Unlike the probe cover disclosed in U.S. Pat. No. 4,662,360, in the present probe cover, the strip of film material 40 is easily and efficiently secured to the interior surface 20 of the sheath 16 using the method described above in a separate manufacturing operation at any time after the sheath or body member 16 has been molded. In a like manner, the insert 140 is easily and efficiently self-centered and secured to the interior surface 120 of the sheath 116 also in a separate manufacturing operation at any time after the sheath or body member 116 has been molded.
Both the body member 16, the strip of film material 40 and the insert 140 are preferably made of a suitable inert, physiologically compatible material such as polypropylene and polyethylene, i.e., plastic materials which are substantially transparent to infrared radiation depending, of course, upon the wavelength of the infrared radiation and the thickness of the material.
The strip of film material 40 is relatively thin, i.e., between approximately 0.0005 and 0.001 inches, to minimize the attenuation of infrared radiation passing through the window 47 and to maximize the radiation sensed by the sensor in the probe 12. The body member 16, on the other hand, may be made of a material thicker than the film material 40, i.e., in the order of approximately between 0.015 and 0.050 inches. The insert 140 and the body member 116 have thicknesses similar to the film material 40 and the body member 116 respectively.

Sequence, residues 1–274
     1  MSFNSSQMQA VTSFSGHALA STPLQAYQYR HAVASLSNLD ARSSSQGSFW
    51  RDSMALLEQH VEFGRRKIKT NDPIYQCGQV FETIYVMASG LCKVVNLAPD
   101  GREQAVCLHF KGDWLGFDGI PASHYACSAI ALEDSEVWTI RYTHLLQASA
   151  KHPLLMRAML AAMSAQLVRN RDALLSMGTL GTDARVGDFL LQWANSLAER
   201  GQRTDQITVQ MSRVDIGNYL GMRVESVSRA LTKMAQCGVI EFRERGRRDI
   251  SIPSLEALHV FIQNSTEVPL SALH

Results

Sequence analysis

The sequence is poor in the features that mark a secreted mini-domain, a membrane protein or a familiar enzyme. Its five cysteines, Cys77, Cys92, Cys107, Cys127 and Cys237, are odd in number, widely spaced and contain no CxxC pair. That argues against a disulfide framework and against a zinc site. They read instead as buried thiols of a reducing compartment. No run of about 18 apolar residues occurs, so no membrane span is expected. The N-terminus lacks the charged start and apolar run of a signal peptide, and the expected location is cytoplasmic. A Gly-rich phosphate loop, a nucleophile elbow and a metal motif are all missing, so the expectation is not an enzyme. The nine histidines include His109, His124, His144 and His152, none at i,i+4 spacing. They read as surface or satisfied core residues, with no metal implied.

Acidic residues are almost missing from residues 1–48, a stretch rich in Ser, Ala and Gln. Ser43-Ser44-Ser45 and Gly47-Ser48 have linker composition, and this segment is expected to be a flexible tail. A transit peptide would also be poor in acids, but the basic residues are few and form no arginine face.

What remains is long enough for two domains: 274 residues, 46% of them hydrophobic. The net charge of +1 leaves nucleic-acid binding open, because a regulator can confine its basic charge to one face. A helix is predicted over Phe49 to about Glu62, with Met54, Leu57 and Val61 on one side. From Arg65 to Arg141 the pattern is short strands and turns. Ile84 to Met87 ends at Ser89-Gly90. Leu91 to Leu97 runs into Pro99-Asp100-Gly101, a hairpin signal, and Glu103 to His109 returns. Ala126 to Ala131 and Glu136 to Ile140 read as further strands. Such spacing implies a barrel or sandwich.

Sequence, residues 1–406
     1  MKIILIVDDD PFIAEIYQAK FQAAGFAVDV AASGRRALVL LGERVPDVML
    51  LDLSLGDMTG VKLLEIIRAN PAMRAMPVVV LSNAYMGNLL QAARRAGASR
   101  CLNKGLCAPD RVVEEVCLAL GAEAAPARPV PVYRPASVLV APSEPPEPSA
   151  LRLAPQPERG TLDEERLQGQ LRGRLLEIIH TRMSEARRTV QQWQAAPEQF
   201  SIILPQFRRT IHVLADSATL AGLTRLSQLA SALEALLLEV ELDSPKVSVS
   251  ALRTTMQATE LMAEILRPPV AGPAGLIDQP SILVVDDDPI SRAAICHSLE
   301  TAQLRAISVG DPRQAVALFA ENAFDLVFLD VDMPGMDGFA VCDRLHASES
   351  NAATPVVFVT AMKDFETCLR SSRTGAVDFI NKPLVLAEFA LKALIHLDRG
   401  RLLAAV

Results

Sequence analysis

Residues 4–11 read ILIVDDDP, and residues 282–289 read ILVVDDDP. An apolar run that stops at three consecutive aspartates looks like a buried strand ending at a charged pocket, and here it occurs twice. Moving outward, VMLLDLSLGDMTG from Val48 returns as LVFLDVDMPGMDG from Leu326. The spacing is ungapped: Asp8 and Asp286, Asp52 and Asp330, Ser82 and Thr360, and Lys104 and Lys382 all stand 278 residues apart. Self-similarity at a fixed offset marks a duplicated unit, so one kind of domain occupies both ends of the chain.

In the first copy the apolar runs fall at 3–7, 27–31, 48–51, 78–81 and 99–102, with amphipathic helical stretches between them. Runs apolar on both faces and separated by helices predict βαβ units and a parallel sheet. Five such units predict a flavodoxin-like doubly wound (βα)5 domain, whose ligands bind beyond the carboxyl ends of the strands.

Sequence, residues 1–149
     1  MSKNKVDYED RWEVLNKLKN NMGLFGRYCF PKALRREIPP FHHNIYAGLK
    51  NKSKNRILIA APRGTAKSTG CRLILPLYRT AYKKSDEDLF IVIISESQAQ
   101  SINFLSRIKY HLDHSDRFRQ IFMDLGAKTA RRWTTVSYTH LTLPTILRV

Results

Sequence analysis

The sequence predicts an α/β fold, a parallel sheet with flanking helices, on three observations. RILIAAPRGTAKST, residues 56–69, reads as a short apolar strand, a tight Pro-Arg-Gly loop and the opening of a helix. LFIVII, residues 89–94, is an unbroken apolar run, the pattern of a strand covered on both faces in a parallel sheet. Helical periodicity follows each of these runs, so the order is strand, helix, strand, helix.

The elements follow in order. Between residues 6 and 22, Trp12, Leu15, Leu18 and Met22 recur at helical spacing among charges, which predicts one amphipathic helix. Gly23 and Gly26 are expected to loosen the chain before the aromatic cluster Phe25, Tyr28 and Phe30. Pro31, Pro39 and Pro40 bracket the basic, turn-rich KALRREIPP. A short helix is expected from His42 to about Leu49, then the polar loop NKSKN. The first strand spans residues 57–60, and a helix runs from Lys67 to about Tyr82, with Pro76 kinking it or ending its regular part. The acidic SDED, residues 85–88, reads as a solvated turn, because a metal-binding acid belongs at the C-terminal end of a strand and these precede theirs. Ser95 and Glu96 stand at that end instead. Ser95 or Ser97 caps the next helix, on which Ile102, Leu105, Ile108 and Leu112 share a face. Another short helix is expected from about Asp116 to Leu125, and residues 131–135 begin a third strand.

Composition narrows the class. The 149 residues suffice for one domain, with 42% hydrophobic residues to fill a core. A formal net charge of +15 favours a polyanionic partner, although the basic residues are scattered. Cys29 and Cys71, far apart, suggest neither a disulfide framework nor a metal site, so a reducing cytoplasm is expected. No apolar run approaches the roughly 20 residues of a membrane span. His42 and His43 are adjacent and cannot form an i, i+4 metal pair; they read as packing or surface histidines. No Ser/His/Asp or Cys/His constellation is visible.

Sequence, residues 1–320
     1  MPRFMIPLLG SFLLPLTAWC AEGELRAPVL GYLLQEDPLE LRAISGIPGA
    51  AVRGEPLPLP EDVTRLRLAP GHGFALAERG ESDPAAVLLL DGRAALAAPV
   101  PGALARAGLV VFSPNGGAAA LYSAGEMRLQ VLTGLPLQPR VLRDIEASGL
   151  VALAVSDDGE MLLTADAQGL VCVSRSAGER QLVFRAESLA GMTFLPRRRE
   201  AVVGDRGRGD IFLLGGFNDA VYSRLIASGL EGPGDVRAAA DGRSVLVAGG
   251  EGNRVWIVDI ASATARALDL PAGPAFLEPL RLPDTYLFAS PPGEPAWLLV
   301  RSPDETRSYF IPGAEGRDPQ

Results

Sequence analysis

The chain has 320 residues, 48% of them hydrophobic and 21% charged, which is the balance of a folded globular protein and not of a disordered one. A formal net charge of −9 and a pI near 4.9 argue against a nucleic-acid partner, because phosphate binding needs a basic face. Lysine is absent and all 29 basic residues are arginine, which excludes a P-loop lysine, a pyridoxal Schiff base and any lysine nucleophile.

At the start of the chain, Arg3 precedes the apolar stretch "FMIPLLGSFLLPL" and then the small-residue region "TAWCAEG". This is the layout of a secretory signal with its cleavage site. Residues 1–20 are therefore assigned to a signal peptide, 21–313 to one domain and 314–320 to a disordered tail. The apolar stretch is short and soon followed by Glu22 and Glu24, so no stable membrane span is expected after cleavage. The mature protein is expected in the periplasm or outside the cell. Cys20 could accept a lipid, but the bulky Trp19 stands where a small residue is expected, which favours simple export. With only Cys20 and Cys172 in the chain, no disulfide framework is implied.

FIG. 5 shows the probe cover 14 secured and mounted over the probe 12 of the thermometer 10 in a relationship where the probe outer surface 48 is in abutting relationship with the probe cover interior surface 20, the probe distal infrared transparent end 50 is in abutting relationship with the film material 40 on the interior surface 20 of the cover 14, the probe distal end opening 52 is aligned and in registry with the probe cover distal end opening 28 and the window 47 formed by the film material 40, and the rib 38 on the cover 14 engages with a complementary nipple 54 extending circumferentially around the probe outer surface 48 to interlock or snap-fit the cover 14 to the probe 12.